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Health Concerns of Women and Infants in Times of Natural Disasters: Lessons Learned from Hurricane Katrina

Health Concerns of Women and Infants in Times of Natural Disasters: Lessons Learned from Hurricane Katrina

  Percentage of Preterm, Low Birthweight, and Very Low Birthweight Infants in Counties and Parishes Affected by Hurricane Katrina — 2003   In areas affected by Hurricane Katrina* In Alabama, Louisiana, and Mississippi In United States Number of births 74,859 166,972 4,089,950 Percent low birthweight** 11.1 10.6 7.9 Percent very low birthweight*** 2.3 2.1 1.4 Percent preterm**** 16.9 16.2 12.3

Source. National Vital Statistics System, National Center for Health Statistics, Centers for Disease Control and Prevention.*FEMA-designated counties/parishes as of September 23, 2005. In Alabama — Baldwin, Choctaw, Clarke, Mobile, Pickens, Greene, Hale, Sumter, Tuscaloosa, and Washington Counties. In Louisiana — the parishes of Ascension, Assumption, East Baton Rouge, Iberia, Iberville, Jefferson, Lafourche, Livingston, Orleans, Plaquemines, St. Bernard, St. Charles, St. Helena, St. James, St. John the Baptist, St. Mary, St. Martin, St. Tammany, Tangipahoa, Terrebonne, Washington, and West Baton Rouge. In Mississippi — Adams, Amite, Claiborne, Clarke, Copiah, Covington, Forrest, Franklin, George, Greene, Hancock, Harrison, Hinds, Jackson, Jasper, Jefferson, Jefferson Davis, Jones, Kemper, Lamar, Lauderdale, Lawrence, Leake, Lincoln, Lowndes, Madison, Marion, Neshoba, Newton, Noxubee, Oktibbeha, Pearl River, Perry, Pike, Rankin, Scott, Simpson, Smith, Stone, Walthall, Wayne, Wilkinson, and Winston Counties.**Birth weight of <2,500 g.***Birth weight of <1,500 g.****Gestation of <37 completed weeks.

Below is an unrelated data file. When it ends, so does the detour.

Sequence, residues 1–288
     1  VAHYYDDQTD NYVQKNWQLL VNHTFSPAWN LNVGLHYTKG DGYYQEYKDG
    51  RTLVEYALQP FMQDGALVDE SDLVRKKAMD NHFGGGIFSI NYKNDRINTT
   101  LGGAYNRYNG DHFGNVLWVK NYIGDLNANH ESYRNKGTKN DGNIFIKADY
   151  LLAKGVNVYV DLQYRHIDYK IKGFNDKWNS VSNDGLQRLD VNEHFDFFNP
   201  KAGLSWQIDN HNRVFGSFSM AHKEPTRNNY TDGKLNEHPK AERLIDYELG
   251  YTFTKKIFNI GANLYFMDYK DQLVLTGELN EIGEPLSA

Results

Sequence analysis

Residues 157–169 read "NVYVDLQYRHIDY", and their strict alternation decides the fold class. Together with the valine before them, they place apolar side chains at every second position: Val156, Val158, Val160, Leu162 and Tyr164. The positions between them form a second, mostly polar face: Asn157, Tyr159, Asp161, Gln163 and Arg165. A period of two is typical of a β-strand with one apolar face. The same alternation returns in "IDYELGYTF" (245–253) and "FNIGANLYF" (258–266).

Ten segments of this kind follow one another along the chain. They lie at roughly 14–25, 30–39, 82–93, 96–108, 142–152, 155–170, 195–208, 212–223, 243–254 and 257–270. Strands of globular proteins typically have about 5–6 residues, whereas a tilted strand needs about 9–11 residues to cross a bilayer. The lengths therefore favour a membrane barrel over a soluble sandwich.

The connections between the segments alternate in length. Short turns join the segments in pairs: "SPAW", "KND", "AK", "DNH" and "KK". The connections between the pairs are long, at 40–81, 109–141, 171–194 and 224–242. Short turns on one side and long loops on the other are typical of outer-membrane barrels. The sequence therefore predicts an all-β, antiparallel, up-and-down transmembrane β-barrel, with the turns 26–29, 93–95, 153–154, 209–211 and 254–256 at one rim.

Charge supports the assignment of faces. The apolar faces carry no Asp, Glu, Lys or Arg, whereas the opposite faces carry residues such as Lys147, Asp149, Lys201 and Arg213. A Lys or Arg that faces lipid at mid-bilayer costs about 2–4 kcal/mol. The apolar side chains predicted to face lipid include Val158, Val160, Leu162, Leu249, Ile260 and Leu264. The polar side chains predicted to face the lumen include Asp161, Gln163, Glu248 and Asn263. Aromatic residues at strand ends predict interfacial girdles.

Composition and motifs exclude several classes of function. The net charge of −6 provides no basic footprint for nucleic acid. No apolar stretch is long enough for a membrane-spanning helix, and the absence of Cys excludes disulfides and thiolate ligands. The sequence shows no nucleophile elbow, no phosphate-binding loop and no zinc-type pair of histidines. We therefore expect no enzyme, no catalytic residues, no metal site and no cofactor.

Aftermath of Hurricane Katrina, inflation in 1947: News Journal archives, week of Sept. 3

“Pages of history” features excerpts from The News Journal archives including the Wilmington Morning News and the Evening Journal.

Sept. 3, 2005, The News JournalA walk through hell in aftermath of Hurricane Katrina

NEW ORLEANS – With a cigar-chomping general in front, a camouflaged-green canopy of at least three dozen troop vehicles and supply trucks rolled through floodwaters Friday into a desperate city where some Hurricane Katrina survivors had died waiting for food, water and medicine….

Some people threw their arms toward heaven and others nearly fainted with joy as the trucks and hundreds of soldiers arrived in the punishing midday heat in a scene that looked like a relief mission to a Third World country.

Front page of The News Journal from Sept. 3, 2005.

But there was also anger and profane jeers from many in the crowd of nearly 20,000 who questioned why they had to wait four days and threaten to riot before they could get anything to eat or drink….

In the world-renowned French Quarter, armed residents hide behind ornate iron gates like prisoners in a frilly jail. Historic markers on Napoleonic-era houses share billing with signs that warn: “You loot, we shoot!”

At the convention center, where thousands have camped in the streets since Monday awaiting buses out of the city, the despair feeds on itself like a voracious beast.

When National Guard helicopters attempt to land with supplies in the parking lot, waiter Bob Vineyard joins a self-appointed crew to set up a safe perimeter. The crowd surges past them with an almost feral intensity, and the chopper can’t land. The soldiers drop cases of water and meals from 10 feet in the air. Many of the bottles burst on impact, the precious water left to evaporate in the hot sun.

“We would have had a whole helicopter full of food if you had stayed back!” Vineyard shouts….

Houston Mayor Bill White estimated more than 100,000 evacuees have fled to his city, more that the Astrodome and other makeshift shelters could accommodate….